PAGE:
"Whenever I go into a restaurant, I order both a chicken and an egg to see which comes first"

Thursday, January 29, 2015

DIY–A Tedious Fad; Or Grouting Instead Of Tolstoy

Henrietta Dilford said that her husband’s do-it-yourself attempts reminded her of the story of Uncle Podger. “ You never saw such a commotion up and down a house, in all your life, as when my Uncle Podger undertook to do a job.”

She was right. The holes and cracks in the walls were testaments to her husband’s ineptitude.  He would whack a nail into the wall, stand back to eyeball placement and centering, decide that the picture would either be too high or too low, wrench the nail out, cracking and splitting the plaster, and start all over again.  Measurement was too precise and too irritating.  He trusted his own perspective and judgment of space and distance, so scrambling around the basement for a ruler was time-consuming and irrelevant.

Yet he had no geometrical judgment and no spatial intelligence whatsoever. Winging it, which he did when he hung a picture, never worked.  It was not so much that he couldn’t hang a picture, he didn’t want to.  Fixing things was an annoyance; and even though he knew that the watermark on the ceiling meant a leak in the roof; or that the groaning and grinding of the furnace warned of stripped gears and heat failure, he could never gin up the energy to even take a look.  One day when the dishwasher sprang a leak, yet another breakdown to be added to loose floorboards, drafty windows, banging shutters, and clogged drains, he looked at his children, pulled the pin out of an imaginary grenade, and tossed it into the living room. “Ka-boom”, he said.  The children howled. So many things were wrong with the house, the only remedy was to blow it up.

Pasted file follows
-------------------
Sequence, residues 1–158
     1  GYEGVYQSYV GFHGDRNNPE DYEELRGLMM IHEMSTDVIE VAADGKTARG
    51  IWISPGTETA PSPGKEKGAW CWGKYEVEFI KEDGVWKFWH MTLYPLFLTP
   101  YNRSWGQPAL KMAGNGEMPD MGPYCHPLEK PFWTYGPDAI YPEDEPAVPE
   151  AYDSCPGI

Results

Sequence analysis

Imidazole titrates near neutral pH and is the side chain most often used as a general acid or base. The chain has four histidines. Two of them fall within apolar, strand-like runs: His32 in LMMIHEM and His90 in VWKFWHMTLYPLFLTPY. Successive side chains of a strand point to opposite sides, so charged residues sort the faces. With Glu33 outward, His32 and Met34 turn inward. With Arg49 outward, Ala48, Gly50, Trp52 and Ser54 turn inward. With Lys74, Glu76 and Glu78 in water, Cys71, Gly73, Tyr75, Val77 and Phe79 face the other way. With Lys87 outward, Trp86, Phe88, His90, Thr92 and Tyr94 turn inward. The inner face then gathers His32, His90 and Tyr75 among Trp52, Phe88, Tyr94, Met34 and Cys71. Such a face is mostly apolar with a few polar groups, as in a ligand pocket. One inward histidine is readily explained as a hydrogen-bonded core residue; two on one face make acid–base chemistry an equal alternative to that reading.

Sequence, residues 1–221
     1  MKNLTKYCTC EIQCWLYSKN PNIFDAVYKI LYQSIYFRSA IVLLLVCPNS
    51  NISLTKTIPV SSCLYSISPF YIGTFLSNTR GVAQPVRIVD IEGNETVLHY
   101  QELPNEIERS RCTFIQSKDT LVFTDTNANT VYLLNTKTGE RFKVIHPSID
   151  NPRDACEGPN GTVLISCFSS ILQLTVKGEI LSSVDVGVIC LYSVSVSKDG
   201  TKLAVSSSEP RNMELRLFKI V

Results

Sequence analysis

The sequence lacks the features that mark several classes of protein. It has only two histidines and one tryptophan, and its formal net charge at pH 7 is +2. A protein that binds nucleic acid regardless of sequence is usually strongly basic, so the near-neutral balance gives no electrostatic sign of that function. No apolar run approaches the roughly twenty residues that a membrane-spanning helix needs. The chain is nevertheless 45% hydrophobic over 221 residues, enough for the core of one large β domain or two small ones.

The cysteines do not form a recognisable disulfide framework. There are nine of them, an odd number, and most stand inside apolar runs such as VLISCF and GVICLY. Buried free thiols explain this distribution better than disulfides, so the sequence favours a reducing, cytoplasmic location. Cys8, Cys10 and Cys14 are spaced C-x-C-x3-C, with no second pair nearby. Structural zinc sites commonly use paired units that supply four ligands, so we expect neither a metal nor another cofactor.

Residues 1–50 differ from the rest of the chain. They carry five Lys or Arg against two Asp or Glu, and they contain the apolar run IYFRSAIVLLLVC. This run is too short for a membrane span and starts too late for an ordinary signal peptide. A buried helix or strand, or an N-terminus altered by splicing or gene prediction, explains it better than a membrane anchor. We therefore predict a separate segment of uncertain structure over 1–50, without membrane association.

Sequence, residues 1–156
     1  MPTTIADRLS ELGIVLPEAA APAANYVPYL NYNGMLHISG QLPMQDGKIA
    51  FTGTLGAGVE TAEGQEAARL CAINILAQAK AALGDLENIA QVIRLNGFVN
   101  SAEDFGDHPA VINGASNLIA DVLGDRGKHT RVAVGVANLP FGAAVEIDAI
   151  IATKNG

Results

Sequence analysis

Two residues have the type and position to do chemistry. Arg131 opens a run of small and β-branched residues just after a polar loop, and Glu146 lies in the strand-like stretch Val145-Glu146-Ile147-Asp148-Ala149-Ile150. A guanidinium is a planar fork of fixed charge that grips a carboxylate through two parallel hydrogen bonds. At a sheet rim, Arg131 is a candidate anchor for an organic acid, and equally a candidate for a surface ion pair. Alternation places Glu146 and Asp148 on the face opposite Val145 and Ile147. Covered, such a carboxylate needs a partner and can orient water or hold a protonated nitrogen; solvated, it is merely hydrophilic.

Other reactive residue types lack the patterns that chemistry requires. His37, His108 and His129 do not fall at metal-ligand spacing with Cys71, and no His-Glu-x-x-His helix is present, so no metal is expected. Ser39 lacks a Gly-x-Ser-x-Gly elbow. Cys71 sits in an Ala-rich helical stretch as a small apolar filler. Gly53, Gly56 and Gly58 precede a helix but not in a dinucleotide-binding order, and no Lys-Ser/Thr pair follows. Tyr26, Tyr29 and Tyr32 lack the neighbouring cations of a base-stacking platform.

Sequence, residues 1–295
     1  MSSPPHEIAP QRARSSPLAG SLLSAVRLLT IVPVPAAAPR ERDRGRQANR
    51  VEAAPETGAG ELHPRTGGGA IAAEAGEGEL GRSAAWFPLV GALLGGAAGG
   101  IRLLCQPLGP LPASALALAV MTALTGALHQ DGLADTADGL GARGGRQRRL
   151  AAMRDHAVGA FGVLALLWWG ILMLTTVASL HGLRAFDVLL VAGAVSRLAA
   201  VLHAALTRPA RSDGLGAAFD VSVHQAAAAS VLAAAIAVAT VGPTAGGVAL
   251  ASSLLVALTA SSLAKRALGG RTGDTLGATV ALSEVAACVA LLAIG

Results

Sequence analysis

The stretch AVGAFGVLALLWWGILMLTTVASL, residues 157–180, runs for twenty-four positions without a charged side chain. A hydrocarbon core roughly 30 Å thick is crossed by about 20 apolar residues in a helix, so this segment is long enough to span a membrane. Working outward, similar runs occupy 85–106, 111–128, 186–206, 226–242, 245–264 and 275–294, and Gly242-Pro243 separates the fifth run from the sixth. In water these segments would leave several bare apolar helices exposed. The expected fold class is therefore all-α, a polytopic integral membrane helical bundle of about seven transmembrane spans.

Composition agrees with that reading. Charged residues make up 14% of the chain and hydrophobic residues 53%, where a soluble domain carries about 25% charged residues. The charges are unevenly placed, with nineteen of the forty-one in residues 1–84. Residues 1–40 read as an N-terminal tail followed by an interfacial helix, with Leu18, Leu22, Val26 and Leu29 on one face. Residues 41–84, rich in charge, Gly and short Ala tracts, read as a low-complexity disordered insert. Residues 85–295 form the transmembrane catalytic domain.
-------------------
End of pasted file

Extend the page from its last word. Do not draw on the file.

Henrietta was not at all pleased.  It was her husband’s fault that the house was a wreck. He never lifted a finger to help.  Unlike other men in the neighborhood, leaking faucets, clogged downspouts, overgrown walks, and cracked windows didn’t bother him. He derived no sense of completion or pride in personal enterprise.  He never questioned the gender-inappropriateness of his demurral when it came to traditionally male activities.  He didn’t even feel the least bit guilty about his wife’s increasing frustration and impatience with him.

“It’s a given”, he said. “I don’t hammer”.

“Bourgeois”, Henrietta replied. “Just like your mother”.

What Henrietta saw as the Dilfords’ disrespectful regard for money had nettled her since her marriage to Francis. His mother made trips to G.Fox and Lord & Taylor, bought out have the Ladies Department, and never cared how much she spent. “If you have it, spend it”, she told her daughter-in-law in a not-so-veiled reference to Henrietta’s parents who were as stingy as parsons, ate creamed tuna and chipped beef to save a nickel, and had never bought anything new.  Their car banged and rattled, jerry-rigged as it had been with baling wire, junkyard struts, and a metric fan belt. 

Every appliance in their house had scrawled informational signs like the one on the dishwasher: “To turn on, move dial completely to the left, and HOLD IT.” Francis knew what happened if you didn’t. The only way Henrietta’s father could get the machine to work was by fixing a high-tension spring to the on-off mechanism which activated the clutch, engaged the gears, and started the operational cycle.  If you didn’t hold the dial down, the dial would spin backwards, the motor would rev with no restraint, burn out, and spew charred bits all through the filtering system.